1476. November 17: The Republic creates a new office, the Supervisors of Pomp. It can issue laws [oh good, we need more of those] concerning the display of wealth [it just doesn’t stop], including but not limited to elaborate clothes and decorations, ostentatious display of jewels, excessive fancying-up of your servants or boats, over-the-top banquets, and anything else that is, as they put it, contrary to the spirit of the Republic, seeing that extravagant consumption [even if the money is all yours] is not only wasteful and teaches the wrong lessons, but also conduces to scandal [spending bags of money on stuff might weaken your grasp on the idea of boundaries, yours and everybody else’s] and thus is to be avoided. [Clear as a 25-carat diamond.]

1498, June 11: At the request of the people living on the Giudecca, it is forbidden to “roast” cinnabar. The government was vigilant to relegate hazardous or extremely obnoxious industries (dyeing and tanning among them) to outlying areas of the city, but in this case they neglected to make it an uninhabited part.  I can well believe that the residents objected; the idea of a furnace roasting mercury ore anywhere near groups of vertebrates is so ghastly that it’s hard to believe it was ever permitted to exist. I’m sure the councilors didn’t let this furnace get built because they were distracted by deciding how much silk you would be allowed to use to make your underwear [I made that up]. They must have been thinking about how important it was to produce mercury for hatmakers, and for pharmacists concocting treatments for syphilis.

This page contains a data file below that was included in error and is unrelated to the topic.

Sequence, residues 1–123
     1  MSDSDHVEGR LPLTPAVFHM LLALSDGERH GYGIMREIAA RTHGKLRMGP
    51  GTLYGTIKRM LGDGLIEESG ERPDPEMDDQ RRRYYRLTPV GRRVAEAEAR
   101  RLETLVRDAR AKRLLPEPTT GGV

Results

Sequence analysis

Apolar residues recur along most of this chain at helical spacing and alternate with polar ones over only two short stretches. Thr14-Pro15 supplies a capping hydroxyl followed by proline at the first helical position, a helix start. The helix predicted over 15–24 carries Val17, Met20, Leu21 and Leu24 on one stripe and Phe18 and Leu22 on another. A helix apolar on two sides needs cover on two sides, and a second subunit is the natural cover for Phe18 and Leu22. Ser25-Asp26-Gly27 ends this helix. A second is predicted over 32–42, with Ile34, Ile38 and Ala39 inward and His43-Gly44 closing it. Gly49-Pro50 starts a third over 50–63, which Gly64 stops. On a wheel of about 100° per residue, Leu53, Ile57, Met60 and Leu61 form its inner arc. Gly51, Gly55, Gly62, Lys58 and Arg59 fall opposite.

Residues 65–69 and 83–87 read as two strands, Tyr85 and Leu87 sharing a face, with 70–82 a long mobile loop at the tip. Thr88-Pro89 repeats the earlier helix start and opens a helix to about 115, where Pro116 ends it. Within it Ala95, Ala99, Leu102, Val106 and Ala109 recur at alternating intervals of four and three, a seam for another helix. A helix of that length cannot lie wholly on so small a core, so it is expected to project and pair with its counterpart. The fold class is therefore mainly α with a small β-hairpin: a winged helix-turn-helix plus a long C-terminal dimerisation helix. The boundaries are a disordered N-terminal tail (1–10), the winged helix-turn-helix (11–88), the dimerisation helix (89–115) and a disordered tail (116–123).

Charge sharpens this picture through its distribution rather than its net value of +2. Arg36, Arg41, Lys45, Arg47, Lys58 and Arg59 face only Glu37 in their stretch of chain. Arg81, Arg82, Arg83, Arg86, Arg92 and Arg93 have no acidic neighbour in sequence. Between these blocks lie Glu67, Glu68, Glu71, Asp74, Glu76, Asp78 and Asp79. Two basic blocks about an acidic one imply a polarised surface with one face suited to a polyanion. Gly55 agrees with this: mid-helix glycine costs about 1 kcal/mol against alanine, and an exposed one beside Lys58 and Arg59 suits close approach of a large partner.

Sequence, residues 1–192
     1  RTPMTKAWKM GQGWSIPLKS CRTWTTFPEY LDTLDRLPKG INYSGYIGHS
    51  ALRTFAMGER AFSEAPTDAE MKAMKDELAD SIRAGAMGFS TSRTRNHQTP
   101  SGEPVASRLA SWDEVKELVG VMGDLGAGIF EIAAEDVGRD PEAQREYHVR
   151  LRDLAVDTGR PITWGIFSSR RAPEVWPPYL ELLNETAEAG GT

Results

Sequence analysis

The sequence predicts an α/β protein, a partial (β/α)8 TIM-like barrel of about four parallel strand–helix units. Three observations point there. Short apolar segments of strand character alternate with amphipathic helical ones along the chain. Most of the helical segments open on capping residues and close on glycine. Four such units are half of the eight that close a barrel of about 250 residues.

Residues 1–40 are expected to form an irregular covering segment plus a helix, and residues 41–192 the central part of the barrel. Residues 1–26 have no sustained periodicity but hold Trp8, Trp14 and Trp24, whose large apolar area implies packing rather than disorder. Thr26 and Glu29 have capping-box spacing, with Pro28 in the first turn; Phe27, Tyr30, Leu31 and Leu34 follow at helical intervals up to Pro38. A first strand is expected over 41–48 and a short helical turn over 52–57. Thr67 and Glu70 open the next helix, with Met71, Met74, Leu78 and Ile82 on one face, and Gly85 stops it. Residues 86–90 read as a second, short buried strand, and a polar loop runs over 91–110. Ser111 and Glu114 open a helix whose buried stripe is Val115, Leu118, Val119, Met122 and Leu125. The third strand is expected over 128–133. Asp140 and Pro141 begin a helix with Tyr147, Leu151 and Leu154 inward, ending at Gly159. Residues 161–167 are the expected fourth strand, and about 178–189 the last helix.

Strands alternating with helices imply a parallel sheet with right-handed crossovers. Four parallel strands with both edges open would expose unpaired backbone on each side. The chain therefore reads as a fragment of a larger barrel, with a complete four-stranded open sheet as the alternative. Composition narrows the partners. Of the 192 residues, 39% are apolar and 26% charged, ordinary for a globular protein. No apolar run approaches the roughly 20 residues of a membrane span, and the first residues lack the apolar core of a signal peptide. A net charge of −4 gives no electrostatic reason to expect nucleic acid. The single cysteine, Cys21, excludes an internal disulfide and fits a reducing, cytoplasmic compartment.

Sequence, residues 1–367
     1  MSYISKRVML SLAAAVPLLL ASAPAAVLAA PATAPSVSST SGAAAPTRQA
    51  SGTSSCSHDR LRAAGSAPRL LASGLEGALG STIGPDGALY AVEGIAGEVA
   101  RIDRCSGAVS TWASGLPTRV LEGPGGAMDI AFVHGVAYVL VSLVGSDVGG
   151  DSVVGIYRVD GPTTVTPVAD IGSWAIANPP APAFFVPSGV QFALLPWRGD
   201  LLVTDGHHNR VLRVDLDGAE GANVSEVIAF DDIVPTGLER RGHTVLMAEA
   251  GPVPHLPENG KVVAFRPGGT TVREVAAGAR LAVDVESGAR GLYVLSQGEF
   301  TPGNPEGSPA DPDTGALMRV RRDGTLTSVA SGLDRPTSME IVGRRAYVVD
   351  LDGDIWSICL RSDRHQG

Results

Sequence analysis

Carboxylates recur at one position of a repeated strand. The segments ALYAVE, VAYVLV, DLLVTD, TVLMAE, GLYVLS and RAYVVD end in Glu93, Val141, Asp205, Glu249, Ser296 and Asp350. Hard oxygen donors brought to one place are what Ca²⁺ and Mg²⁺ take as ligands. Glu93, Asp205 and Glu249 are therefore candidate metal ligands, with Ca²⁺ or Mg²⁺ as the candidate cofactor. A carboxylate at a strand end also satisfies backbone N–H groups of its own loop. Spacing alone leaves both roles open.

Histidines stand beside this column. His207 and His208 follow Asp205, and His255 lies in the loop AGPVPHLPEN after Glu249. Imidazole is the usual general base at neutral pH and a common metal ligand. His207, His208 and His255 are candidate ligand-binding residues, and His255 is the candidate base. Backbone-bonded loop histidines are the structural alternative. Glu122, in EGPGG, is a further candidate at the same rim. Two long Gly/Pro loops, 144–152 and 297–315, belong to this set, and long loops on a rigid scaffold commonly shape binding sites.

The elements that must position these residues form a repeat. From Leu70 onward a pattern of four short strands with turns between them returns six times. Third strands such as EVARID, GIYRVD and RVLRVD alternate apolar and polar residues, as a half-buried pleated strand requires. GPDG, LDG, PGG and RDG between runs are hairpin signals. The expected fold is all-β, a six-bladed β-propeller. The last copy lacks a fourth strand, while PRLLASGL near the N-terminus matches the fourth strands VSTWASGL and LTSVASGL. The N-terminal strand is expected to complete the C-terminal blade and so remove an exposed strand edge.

1563: At an unspecified date, a momentous decision is finally made.  It is forbidden to ride horses anywhere in the city. Sometimes tourists marvel that there are no cars in Venice [before they notice the inconvenience of all those bridges].  However, if anybody had ever wondered why there are no horses, now we know.  It was forbidden. Seriously forbidden.  And this time we mean it, totally prohibited.  With this majestic edict all those rattles and rules could be thrown out and I suppose collected by the itinerant rag, bone, and scrap iron merchant to be turned into soap or paper. Certainly they weren’t thrown into the canals. That’s illegal.


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Categories : History

Comments

  1. Yvonne says:

    That was a fun and illuminating read, Erla! The more things change ……

  2. Chris Ashe says:

    What a pleasure to read – your choice of content and unique style is always a joy to read! Thanks for all your efforts to enlighten the world about Venice.